- "From the consumer's perspective, this is all much ado about nothing," Moffett said of the lease model. "You used to pay about $20 more per month in your service plan in return for getting the phone; now you pay about $20/month for the phone itself."
- From the carrier's perspective, there's a huge difference in accounting, though, and "unfortunately, it has distorted the accounting for the whole sector. Because as you do the sale of phones, it accelerates revenue, and therefore accelerates EBITDA and earnings ... all the companies are now reporting inflated revenues ... and inflated profitability."
- Sprint's gone one step further, he says, by leasing the phones and "taking the cost of the phones off the income statement entirely, move it to the balance sheet and that further inflates earnings. So Sprint is getting 50% of its EBITDA right now from accounting changes."
- Meanwhile, CEO Marcelo Claure and T-Mobile (NYSE:TMUS) CEO John Legere are mixing it up on Twitter again, this time arguing about a RootMetrics survey that put Sprint in third place in overall performance, ahead of T-Mobile.
- Previously: Sprint's Claure to T-Mobile's Legere: Tired of 'Uncarrier bullshit' (Jul. 02 2015)
Tue, Aug. 18, 7:54 PM
- Verizon (NYSE:VZ) led in overall network performance rankings again, according to the first-half report by analytics firm RootMetrics, though Sprint's network investments may be paying off.
- Across the board, the results were similar to the last few analyses by the firm. In nationwide performance tests, Verizon took five wins to AT&T's (NYSE:T) one. In state-by-state looks, Verizon grabbed 253 wins/ties, to AT&T's 95. Sprint (NYSE:S) took 25 and T-Mobile (NYSE:TMUS) zero.
- Metro areas show more variation, but Verizon prevailed overall there too, with 512 wins/ties. AT&T logged 441, T-Mobile 221, and Sprint 180.
- The tests resulted in a RootScore of 94.5 for Verizon, followed by AT&T's 91.8. Sprint finished third with 87.5, and T-Mobile brought up the rear there, with 82. In the first half of 2014, T-Mobile was third in those rankings to Sprint's fourth place.
Mon, Aug. 17, 4:53 PM
- Another brick falls from the contract-wireless wall, as Sprint (S +10.1%) CEO Marcelo Claure tells The Wall Street Journal that the carrier will do away with contracts and shift to a leased-smartphone model by year's end.
- Sprint introduced a lease option last year, and ending its subsidies means that leasing or upfront purchase will be the only ways to get a smartphone from the carrier.
- The move leaves AT&T (T +0.5%) as the only carrier of the U.S. big four that is still offering to subsidize a smartphone buy. Verizon (VZ +0.1%) made its major move earlier this month, and all are following in T-Mobile's (TMUS +1.9%) footsteps on dropping contracts.
- Earlier, Sprint rolled out its "iPhone Forever" plan that served as a precursor to the model: For $22/month over and above the usual monthly fees, customers can upgrade to the latest iPhone as soon as it becomes available, rather than once every two years. Claure says parent SoftBank (OTCPK:SFTBY -1%) will help it monetize traded-in phones.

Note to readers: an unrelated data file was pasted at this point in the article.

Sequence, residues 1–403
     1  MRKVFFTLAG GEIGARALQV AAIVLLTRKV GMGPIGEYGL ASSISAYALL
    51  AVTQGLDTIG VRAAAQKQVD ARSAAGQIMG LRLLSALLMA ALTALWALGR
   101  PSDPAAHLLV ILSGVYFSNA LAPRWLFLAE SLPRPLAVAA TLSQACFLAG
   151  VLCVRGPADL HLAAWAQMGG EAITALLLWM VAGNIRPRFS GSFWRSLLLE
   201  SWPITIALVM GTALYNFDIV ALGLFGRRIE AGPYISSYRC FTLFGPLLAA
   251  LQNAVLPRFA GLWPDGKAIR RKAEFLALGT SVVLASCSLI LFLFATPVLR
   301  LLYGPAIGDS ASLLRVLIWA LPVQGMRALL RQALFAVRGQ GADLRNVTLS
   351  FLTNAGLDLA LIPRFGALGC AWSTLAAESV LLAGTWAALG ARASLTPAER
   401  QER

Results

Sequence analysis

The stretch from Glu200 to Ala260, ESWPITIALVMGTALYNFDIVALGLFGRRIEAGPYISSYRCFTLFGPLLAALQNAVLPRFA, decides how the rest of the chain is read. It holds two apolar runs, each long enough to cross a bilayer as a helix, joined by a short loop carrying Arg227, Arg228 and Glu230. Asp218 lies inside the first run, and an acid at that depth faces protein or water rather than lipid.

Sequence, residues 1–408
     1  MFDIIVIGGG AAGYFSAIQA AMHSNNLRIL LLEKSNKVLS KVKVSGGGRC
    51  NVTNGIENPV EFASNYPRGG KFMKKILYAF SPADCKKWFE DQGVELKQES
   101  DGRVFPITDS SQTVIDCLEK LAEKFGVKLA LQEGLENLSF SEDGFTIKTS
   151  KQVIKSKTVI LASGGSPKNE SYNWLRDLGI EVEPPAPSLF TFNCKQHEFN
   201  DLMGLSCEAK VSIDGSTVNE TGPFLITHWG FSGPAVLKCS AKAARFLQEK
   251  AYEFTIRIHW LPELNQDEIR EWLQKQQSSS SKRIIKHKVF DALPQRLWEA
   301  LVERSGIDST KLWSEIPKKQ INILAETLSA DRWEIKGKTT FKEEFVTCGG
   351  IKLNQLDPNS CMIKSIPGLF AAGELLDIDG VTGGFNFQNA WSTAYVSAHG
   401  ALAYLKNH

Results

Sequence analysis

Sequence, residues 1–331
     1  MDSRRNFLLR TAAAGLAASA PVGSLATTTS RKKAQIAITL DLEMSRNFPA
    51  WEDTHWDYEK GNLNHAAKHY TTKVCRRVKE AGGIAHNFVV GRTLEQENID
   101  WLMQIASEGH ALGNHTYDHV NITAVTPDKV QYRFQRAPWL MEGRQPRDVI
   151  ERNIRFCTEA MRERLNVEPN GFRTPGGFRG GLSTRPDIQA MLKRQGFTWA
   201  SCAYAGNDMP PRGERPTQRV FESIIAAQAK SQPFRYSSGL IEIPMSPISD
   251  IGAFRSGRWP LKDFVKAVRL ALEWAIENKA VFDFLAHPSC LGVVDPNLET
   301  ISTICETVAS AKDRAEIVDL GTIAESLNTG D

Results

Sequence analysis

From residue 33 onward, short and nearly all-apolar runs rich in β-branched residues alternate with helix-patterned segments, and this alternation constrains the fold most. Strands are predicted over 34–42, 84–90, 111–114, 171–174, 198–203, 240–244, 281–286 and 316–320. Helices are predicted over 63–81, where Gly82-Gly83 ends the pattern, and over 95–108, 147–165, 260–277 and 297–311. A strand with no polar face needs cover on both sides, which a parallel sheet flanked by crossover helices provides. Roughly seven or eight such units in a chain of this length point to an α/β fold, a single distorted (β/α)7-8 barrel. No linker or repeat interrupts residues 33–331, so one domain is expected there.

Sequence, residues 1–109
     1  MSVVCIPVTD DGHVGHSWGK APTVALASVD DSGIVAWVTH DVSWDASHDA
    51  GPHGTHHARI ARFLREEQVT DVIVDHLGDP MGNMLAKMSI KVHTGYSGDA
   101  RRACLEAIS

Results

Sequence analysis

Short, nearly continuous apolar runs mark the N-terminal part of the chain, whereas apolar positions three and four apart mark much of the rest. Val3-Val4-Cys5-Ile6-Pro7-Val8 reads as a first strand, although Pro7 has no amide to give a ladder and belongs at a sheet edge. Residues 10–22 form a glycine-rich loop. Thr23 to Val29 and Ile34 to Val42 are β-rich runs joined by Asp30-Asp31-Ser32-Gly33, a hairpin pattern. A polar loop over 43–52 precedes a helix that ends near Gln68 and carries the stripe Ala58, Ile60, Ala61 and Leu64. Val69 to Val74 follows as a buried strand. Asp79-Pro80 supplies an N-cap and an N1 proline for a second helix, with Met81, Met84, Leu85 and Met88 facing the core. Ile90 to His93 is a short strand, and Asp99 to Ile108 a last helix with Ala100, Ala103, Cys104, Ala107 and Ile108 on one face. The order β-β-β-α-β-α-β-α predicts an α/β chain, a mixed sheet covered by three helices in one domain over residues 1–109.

Wed, Aug. 12, 11:07 AM
- Masayoshi Son's double-down on the future of Sprint (S -6.4%) came after he and another top executive at SoftBank (OTCPK:SFTBY), Nikesh Arora, floated the idea of selling the company to Comcast (NASDAQ:CMCSA) and to France's Altice (OTCPK:ATCEY) -- but getting no uptake, according to The Wall Street Journal.
- "I should go back to where I was focused," he says -- the Internet side of SoftBank -- though a long slog is ahead yet, if he's to turn around a company that hasn't turned an annual profit since 2006.
- Son was banking on a merger with T-Mobile (NYSE:TMUS) and calls his misjudgment of U.S. regulators "one of the biggest mistakes in my life." Now, the focus is on improving the carrier's network as hopes for restarting a merger push with T-Mobile are on hold until after the 2016 presidential election.
- Son appeared on Sprint's earnings call last week to reiterate excitement about the company's future under Marcelo Claure, who Son calls "my soul mate ... a street fighter sharing the underdog experience like myself."
- But fixing Sprint is turning out to be staggeringly expensive. Sprint doesn't have the money for a once-and-for-all fix, Son concedes, and SoftBank's covenants with banks prevent sinking more cash in.
- Ominously, SoftBank has recently invested $1B in a handful of South and Southeast Asian start-ups, and plans to invest more than $10B in India alone.
Thu, Aug. 6, 12:07 PM
- In a unanimous vote, the FCC denied T-Mobile's (NYSE:TMUS) request for a larger spectrum set-aside during the government's wireless airwaves auction next year.
- The carrier -- now the third-largest by customers in the U.S. -- had lobbied for a larger chunk of spectrum to be set aside for smaller carriers (i.e., not AT&T and Verizon) in the low-band auction, an area of the spectrum that the two giants dominate.
- There will be a set-aside, just not the 40 MHz that T-Mobile was seeking, in what is seen as a compromise by the FCC's Democrats after last year's vote to establish reserve spectrum.
- The FCC is working to keep the auction on track for the first quarter, and it's currently expected March 29. The agency is finalizing bidding procedures.
- Wireless Carriers today: T -1.3%; VZ -0.5%; TMUS -0.5%; S +2.4%.
Tue, Aug. 4, 7:26 PM
- Major U.S. telecoms are reporting widespread phone outages in the Midwest and Southeast, for both wireless and wireline service.
- The outages seem centered in Kentucky, Indiana, Alabama and Tennessee, but they affect customers of AT&T (NYSE:T), Verizon (NYSE:VZ), Sprint (NYSE:S) and T-Mobile (NYSE:TMUS). All four of those carriers acknowledged the outages on Twitter accounts.